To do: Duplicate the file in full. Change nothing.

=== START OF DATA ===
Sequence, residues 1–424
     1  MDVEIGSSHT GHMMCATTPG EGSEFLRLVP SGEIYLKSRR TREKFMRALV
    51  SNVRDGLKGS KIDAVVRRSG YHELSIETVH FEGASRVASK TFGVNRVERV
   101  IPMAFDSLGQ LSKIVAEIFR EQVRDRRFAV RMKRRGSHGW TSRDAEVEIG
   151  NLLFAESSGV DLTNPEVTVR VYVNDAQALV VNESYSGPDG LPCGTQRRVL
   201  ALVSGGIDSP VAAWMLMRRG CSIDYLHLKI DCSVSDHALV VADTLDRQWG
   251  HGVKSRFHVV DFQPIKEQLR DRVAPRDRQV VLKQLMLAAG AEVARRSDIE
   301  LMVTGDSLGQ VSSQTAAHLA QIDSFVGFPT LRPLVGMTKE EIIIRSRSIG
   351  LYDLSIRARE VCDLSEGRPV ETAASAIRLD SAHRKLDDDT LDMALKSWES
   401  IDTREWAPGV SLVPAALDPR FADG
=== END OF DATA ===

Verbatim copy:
Sequence, residues 1–424
     1  MDVEIGSSHT GHMMCATTPG EGSEFLRLVP SGEIYLKSRR TREKFMRALV
    51  SNVRDGLKGS KIDAVVRRSG YHELSIETVH FEGASRVASK TFGVNRVERV
   101  IPMAFDSLGQ LSKIVAEIFR EQVRDRRFAV RMKRRGSHGW TSRDAEVEIG
   151  NLLFAESSGV DLTNPEVTVR VYVNDAQALV VNESYSGPDG LPCGTQRRVL
   201  ALVSGGIDSP VAAWMLMRRG CSIDYLHLKI DCSVSDHALV VADTLDRQWG
   251  HGVKSRFHVV DFQPIKEQLR DRVAPRDRQV VLKQLMLAAG AEVARRSDIE
   301  LMVTGDSLGQ VSSQTAAHLA QIDSFVGFPT LRPLVGMTKE EIIIRSRSIG
   351  LYDLSIRARE VCDLSEGRPV ETAASAIRLD SAHRKLDDDT LDMALKSWES
   401  IDTREWAPGV SLVPAALDPR FADG